I only recently read this short editorial° from the former editor of the BMJ, Richard Smith. It was published in 2001 article and it has over 100 citations – which is remarkable and testament to how much it has resonated, and continues to resonate, with doctors. I think this may be the first time he refers to the ‘bogus contract’ and it is one that is memorable and easily recognisable to all doctors (and probably plenty of patients as well).
There is a mawkish sentimentality that many doctors cling onto – the classic painting by Luke Fildes is one that doctors get dewy-eyed over. Here is Smith’s pointed comment on that:
Luke Filde’s 19th century painting of a contemplative doctor alone with a sick child might now be replaced by a harassed doctor trying to park his car to get to a meeting on time.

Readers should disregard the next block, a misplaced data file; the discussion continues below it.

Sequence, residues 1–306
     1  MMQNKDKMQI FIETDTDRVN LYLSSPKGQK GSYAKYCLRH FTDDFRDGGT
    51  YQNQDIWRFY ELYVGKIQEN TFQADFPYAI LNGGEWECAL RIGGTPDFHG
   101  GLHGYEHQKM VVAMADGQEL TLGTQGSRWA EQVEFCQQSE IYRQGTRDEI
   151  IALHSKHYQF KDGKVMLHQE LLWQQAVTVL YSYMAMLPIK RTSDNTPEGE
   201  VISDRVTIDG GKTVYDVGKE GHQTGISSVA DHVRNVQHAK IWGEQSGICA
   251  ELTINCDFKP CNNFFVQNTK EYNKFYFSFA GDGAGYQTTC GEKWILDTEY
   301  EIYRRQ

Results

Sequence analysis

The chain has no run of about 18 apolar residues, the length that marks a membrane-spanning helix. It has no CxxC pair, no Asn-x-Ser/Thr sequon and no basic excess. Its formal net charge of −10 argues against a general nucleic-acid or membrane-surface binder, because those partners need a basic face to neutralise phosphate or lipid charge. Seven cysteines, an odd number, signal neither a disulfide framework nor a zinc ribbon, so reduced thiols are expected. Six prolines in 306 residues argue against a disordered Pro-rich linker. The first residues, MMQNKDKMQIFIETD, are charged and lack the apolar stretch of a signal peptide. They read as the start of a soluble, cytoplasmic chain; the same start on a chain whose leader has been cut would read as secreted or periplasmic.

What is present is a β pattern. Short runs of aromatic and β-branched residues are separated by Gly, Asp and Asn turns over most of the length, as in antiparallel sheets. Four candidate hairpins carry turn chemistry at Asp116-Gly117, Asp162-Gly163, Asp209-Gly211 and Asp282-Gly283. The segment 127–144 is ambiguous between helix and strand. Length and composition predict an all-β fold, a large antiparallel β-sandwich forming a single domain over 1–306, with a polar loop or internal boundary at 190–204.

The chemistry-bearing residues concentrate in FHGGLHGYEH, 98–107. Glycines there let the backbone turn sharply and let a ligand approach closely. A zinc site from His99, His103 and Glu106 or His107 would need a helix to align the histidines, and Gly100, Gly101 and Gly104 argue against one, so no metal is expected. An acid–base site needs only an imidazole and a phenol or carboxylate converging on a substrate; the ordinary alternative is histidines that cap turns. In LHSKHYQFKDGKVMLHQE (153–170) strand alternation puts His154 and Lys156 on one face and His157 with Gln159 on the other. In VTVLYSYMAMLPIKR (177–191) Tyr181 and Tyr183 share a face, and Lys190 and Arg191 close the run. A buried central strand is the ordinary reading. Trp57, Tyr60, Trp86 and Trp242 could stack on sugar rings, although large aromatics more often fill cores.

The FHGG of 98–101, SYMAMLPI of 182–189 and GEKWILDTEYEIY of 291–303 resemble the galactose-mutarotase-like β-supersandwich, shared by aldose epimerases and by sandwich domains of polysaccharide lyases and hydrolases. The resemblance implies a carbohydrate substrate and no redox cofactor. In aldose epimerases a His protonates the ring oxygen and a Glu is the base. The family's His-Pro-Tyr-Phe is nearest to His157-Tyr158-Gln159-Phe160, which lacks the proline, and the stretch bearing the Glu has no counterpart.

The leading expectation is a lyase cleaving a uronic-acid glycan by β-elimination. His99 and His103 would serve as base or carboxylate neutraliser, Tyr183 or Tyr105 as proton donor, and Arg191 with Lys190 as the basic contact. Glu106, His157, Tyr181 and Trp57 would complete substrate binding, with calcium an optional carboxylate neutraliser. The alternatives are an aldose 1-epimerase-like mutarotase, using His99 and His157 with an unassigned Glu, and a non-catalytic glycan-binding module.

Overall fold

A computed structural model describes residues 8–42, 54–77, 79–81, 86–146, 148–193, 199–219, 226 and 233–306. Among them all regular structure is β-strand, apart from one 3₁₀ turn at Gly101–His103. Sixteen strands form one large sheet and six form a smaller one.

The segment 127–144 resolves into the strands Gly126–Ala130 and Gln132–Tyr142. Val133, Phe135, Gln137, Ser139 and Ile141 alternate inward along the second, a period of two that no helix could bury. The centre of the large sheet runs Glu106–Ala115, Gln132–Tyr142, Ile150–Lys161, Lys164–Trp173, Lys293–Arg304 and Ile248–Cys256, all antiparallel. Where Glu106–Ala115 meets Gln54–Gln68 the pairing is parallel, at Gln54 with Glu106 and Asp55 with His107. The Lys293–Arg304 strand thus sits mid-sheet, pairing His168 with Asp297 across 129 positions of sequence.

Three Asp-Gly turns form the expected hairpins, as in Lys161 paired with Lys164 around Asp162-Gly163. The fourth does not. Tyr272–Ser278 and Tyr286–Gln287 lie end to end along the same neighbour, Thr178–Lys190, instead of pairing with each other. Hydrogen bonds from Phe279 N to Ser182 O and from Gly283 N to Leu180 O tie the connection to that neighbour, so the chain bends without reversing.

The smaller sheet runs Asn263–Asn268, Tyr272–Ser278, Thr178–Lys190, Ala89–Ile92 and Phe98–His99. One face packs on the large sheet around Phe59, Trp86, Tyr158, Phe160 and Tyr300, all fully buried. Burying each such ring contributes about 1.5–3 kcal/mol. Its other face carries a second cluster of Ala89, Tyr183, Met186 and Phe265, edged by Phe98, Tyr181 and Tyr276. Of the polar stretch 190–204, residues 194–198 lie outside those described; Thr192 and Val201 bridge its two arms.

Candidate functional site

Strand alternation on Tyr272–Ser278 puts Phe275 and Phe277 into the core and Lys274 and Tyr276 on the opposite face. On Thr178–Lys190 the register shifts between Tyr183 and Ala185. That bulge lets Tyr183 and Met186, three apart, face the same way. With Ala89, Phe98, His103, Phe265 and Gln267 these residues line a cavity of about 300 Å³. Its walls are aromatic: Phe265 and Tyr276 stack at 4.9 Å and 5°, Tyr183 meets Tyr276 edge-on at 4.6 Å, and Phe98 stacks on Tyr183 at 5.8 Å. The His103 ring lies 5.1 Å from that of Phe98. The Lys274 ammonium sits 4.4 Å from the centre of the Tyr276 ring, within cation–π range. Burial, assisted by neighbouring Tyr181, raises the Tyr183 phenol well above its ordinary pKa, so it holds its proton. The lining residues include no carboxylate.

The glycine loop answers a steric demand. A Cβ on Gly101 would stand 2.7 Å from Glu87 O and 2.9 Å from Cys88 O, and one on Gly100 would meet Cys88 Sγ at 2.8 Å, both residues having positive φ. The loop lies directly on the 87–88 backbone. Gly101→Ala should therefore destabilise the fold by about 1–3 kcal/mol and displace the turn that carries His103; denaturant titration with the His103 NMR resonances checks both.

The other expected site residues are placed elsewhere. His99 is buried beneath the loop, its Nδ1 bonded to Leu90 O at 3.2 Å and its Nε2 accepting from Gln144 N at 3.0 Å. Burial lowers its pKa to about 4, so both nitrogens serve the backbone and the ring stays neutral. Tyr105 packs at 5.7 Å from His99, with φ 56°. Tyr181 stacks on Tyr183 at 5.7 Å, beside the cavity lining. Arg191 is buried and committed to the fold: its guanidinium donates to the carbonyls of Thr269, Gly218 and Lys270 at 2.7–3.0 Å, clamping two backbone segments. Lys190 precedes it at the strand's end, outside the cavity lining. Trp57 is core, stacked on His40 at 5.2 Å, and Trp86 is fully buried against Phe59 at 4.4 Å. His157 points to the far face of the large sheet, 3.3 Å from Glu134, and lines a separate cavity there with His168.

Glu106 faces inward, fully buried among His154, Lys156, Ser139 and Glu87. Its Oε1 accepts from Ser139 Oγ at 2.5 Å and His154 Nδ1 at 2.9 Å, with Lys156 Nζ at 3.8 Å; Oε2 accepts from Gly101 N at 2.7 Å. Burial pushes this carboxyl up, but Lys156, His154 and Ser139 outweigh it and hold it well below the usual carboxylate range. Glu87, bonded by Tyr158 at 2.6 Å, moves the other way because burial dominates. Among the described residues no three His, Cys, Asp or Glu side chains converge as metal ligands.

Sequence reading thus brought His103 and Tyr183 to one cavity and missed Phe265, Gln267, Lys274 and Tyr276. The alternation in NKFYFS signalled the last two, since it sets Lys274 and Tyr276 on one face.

Ouch. It is devastatingly accurate. He goes on to highlight that “curing a sick child” is a very different form of gratification to that which comes with attending a meeting and agreeing to take an “abused child into care”. I don’t think that’s entirely fair here as there was precious little curing going on by Filde’s doctor but it is certainly true that’s the romantic notion of it. The reality of modern medicine doesn’t come within a country mile of that idealised version.